“What if I tell them I won’t speak to anyone else?”
     “I wouldn’t want you to do that. The mission is too important.”
     “All right, Harry. I’ll cooperate.  But I don’t like it.” He paused, uncertain how to continue. “When is your last day?”
     “It’s today. I didn’t want to tell you before it happened because I fought it to the end. I was hoping it would go away. But this is it. There’s nothing more I can do. You’ve been a good friend, Fritz. I’ll always appreciate that.”
     “Thanks, Harry. The feeling is mutual. I hate to see you go. Tell Margaret and the kids I was asking for them. Okay?”
     “You bet. Margaret insisted I invite you to dinner, so you have an open invitation, if you’re ever in the neighborhood.”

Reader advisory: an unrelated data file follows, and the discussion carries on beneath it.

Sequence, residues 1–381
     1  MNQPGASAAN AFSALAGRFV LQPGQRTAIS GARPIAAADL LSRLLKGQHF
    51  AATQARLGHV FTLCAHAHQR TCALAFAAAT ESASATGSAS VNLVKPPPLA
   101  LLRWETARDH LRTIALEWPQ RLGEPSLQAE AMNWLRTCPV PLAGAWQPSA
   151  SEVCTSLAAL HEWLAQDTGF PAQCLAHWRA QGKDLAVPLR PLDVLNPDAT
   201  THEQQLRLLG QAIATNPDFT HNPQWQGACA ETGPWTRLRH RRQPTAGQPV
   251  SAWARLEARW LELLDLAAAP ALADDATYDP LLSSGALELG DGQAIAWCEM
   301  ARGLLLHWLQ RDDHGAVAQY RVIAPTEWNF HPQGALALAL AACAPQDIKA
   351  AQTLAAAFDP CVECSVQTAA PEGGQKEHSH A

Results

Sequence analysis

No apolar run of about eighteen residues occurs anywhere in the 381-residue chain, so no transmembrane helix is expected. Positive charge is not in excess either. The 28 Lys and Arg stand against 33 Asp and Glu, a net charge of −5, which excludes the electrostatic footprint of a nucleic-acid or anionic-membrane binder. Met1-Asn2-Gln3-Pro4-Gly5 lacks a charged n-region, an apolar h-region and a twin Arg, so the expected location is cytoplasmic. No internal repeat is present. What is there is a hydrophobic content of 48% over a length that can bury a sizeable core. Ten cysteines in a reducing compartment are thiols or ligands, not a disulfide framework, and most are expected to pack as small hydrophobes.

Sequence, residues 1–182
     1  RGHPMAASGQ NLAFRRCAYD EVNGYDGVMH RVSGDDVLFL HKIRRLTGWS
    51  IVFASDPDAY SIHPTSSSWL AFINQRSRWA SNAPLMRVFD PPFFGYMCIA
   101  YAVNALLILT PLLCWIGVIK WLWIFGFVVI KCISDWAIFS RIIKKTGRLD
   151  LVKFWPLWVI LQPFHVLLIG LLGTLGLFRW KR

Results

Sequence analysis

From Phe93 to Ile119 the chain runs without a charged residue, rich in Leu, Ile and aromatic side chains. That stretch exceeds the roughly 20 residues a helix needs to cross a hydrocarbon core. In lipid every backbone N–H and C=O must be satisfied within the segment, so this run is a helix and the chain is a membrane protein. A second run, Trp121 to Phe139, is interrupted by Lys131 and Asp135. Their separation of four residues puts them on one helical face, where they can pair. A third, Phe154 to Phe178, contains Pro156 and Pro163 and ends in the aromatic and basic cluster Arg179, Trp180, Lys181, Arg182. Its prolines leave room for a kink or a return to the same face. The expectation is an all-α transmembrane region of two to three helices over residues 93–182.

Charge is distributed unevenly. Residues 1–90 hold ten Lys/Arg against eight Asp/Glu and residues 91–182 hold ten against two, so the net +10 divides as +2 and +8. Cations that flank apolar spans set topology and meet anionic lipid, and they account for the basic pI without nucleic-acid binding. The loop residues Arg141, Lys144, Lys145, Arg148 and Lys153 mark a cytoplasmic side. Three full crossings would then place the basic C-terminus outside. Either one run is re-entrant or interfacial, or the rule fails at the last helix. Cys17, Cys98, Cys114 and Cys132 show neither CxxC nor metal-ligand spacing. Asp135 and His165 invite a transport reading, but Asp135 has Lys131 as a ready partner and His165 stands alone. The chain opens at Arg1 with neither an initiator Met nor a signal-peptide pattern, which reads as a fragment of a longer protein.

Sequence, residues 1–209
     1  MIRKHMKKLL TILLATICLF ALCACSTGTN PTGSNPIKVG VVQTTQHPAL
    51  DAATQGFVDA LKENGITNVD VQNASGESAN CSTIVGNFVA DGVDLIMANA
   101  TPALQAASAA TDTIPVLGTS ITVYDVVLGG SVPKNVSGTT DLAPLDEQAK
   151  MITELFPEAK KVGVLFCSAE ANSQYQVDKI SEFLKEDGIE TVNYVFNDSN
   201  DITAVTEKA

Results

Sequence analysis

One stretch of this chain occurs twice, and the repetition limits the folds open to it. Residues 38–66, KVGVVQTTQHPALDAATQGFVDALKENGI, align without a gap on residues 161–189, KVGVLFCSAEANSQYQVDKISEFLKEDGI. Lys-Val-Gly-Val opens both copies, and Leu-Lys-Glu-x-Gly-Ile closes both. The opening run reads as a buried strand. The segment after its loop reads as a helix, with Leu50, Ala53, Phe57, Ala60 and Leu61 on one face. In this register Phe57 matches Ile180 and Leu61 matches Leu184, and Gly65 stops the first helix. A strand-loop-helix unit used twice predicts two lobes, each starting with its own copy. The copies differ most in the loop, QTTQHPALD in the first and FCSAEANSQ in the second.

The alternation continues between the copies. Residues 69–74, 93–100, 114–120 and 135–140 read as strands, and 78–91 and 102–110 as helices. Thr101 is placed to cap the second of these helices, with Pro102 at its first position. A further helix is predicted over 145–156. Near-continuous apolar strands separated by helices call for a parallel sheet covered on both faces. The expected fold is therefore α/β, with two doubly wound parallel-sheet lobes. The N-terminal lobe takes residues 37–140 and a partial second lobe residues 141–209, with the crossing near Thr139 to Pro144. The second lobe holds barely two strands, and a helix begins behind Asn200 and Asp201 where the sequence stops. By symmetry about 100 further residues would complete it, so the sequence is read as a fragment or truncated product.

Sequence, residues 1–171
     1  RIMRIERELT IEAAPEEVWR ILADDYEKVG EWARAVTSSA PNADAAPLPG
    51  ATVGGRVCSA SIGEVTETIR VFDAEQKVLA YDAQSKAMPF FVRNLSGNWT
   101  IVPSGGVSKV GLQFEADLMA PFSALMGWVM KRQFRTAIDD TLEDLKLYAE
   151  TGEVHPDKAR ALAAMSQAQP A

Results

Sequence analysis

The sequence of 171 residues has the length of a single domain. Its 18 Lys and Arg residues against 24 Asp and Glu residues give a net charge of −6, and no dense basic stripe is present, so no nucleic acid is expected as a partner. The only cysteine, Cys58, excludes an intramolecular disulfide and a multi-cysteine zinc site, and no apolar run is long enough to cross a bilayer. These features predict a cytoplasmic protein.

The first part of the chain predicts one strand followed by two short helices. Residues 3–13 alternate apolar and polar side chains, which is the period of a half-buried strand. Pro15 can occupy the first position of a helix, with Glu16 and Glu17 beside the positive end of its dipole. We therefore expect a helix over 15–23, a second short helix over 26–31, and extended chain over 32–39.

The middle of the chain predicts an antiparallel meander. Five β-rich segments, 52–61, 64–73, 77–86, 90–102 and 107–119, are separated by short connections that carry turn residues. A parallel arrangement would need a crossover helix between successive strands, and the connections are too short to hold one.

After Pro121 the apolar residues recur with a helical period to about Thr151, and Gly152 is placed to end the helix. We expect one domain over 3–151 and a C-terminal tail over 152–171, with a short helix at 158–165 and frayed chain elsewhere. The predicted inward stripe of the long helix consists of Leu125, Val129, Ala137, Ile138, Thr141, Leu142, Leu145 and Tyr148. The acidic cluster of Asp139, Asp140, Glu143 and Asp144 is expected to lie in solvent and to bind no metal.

“It’d be my pleasure.”
     “We’re wrapping it up around here. Someone else will be using the system to communicate with you. His name is Taylor, and he’s a good guy.”
     “I hope he’s as entertaining as you are.”
     “I want you to know, if we ever get the chance, we’ll come and visit you.”
     “Thank you, Harry. I feel the same about you guys. I guess this is it, then?”
     “Yes. Goodbye, Fritz. Fly safe, wherever that may take you.”
     “Goodbye, Harry.”
     Then he was gone.
#
He’d forgotten how empty the ship could be. It’d been forty years since Harry had taken over for Louie. Forty years since Fritz had felt so alone. When he’d come on board, they’d discovered that both of them enjoyed a good conversation.